In the wake of his indictment on federal corruption charges, Illinois Attorney General Lisa Madigan asked the state’s highest court Friday, Dec. 12, to strip Gov. Rod Blagojevich of any gubernatorial powers.
Madigan made her announcement as pressure mounts on the governor to resign following his arrest by the FBI Tuesday, Dec. 9, on charges that included solicitation and bribes.
According to news sources, John Harris, chief of staff for Blagojevich, resigned Friday following his arrest along with the governor.
The attorney general asked the state Supreme Court for a temporary restraining order or an injunction that prevents Blagojevich from carrying his duties out as governor. On Tuesday, a statement from her office claimed it was “absolutely clear” that the governor was “incapable of governing.”
On Friday, Madigan asked the court to allow the lieutenant governor, Pat Quinn, to assume the powers of the governor’s office.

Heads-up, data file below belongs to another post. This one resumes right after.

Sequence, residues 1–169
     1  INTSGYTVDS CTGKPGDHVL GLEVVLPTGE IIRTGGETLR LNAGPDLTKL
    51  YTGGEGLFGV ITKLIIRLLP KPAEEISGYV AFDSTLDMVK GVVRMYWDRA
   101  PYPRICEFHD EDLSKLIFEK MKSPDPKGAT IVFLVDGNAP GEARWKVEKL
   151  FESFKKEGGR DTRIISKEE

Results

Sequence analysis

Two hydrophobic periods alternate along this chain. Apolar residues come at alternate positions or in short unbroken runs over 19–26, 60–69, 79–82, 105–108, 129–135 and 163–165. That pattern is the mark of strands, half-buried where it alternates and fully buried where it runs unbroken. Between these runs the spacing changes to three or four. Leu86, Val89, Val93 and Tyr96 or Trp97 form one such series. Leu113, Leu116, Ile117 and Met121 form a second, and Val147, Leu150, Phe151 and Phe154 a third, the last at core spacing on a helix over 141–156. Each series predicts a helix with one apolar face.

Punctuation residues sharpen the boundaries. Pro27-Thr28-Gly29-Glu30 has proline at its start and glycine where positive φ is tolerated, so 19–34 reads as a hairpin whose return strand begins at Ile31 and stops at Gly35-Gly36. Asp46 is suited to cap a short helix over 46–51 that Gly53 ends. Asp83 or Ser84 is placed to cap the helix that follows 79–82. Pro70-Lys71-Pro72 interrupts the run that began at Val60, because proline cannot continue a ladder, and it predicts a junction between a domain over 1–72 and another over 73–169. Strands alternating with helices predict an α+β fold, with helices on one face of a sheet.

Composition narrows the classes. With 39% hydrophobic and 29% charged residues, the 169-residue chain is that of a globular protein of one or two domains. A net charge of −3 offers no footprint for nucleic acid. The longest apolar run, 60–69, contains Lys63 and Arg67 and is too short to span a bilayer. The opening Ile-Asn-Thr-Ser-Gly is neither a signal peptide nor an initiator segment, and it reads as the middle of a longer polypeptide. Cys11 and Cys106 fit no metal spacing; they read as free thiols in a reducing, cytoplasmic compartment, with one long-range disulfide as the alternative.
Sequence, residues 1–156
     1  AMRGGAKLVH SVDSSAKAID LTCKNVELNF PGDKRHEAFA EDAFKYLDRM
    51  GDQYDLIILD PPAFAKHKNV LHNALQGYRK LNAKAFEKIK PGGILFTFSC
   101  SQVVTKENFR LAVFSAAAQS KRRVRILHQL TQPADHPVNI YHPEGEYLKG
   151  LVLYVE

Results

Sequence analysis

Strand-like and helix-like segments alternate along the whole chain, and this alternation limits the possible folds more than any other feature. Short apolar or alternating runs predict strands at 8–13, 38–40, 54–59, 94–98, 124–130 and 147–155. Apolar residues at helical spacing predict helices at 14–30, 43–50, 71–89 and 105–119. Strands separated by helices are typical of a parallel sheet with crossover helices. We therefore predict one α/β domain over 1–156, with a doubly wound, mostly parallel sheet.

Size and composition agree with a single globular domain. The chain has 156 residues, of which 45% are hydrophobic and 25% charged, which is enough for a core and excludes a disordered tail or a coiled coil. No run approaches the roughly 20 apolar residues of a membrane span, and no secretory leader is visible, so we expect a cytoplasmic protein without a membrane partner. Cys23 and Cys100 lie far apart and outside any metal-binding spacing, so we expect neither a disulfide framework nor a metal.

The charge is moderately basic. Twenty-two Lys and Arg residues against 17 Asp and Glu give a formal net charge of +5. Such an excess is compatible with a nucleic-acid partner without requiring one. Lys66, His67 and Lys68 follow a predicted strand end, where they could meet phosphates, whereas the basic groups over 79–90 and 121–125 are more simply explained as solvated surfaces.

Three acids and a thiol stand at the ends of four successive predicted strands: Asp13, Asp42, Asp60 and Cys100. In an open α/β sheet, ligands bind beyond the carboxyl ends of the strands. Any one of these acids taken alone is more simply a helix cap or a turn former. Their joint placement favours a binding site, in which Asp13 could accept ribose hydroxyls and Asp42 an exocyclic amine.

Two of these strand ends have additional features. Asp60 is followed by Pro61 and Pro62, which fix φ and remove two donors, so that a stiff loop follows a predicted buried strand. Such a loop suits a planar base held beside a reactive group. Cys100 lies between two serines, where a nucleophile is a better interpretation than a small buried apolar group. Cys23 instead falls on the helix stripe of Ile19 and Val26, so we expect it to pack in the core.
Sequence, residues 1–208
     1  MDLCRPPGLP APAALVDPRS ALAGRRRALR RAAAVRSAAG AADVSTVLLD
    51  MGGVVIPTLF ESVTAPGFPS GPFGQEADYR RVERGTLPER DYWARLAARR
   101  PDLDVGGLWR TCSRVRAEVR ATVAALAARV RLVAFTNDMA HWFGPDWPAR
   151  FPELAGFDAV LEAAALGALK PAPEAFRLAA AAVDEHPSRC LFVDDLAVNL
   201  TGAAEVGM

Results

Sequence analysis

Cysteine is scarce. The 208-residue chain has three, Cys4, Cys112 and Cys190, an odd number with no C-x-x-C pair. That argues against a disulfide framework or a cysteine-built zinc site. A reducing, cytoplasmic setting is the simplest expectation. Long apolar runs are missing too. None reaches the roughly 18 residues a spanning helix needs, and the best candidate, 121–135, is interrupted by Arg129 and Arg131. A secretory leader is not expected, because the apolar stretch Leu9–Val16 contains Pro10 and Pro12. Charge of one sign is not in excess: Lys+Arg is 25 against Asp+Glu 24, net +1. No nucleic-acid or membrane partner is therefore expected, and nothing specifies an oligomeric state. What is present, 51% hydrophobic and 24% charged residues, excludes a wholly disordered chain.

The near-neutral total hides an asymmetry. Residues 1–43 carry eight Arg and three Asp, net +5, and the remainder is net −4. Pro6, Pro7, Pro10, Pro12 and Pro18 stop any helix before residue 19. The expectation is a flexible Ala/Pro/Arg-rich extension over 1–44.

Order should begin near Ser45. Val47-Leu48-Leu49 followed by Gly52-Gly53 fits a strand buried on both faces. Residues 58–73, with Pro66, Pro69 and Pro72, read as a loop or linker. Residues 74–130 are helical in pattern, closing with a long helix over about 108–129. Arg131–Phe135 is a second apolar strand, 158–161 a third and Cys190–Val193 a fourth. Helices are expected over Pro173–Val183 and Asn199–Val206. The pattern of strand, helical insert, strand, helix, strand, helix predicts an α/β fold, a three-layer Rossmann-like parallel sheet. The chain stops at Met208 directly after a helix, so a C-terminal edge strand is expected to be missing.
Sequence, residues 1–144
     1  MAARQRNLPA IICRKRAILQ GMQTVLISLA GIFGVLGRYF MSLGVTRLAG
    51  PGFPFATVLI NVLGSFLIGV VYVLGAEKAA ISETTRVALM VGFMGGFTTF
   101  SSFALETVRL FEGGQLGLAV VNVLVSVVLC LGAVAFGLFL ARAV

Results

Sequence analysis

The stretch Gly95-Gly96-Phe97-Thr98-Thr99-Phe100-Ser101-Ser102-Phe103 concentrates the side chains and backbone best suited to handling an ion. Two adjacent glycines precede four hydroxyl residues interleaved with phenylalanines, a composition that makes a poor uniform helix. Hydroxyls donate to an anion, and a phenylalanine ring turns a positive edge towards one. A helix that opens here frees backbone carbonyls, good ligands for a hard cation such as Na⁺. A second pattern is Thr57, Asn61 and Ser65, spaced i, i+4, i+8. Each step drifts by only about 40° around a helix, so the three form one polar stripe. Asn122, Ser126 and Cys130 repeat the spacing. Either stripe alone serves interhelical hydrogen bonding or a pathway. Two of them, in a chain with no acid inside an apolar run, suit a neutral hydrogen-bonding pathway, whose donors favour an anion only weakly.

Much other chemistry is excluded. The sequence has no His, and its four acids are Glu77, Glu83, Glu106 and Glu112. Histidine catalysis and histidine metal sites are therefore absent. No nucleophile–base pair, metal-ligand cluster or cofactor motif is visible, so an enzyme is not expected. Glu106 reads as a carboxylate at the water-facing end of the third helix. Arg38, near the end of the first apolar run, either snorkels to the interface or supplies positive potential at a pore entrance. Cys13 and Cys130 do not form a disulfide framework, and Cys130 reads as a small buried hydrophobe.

The court motion comes three days after a criminal complaint charged Blagojevich with soliciting payments from candidates to fill the vacant U.S. Senate seat of President-elect Barack Obama. Blagojevich also is charged with offering political favors to The Chicago Tribune if it would agree to fire certain editors responsible for publishing articles critical of the governor.
Madigan’s decision to pursue action through the court is intended to quicken his removal from office. Impeachment proceedings could take several weeks.
In the meantime, the General Assembly is expected to gather Monday, Dec. 15, to introduce legislation to strip the governor of his privilege to pick a successor for Obama. Lawmakers say they want to let voters decide.
The measure to fill the U.S. Senate seat could clear the statehouse as early as midweek. It would then advance to Blagojevich’s desk. If he remains in office, he would have three options: Sign the bill, veto the bill, or let it become law without his signature – after 60 days.
If the bill is vetoed, the legislature will need to override Blagojevich’s decision to carry out the special election.
Hopeful of avoiding a drawn-out process, leading lawmakers on both sides of the aisle in Illinois are calling for Blagojevich to step down. They cite the embarrassment he has brought to the office and his inability to further lead.
“This is perhaps the most embarrassing moment in the history of Illinois government, and a stain that will not be easily removed,” State Comptroller Dan Hynes said in a written statement.
– By Keith Goble, state legislative editor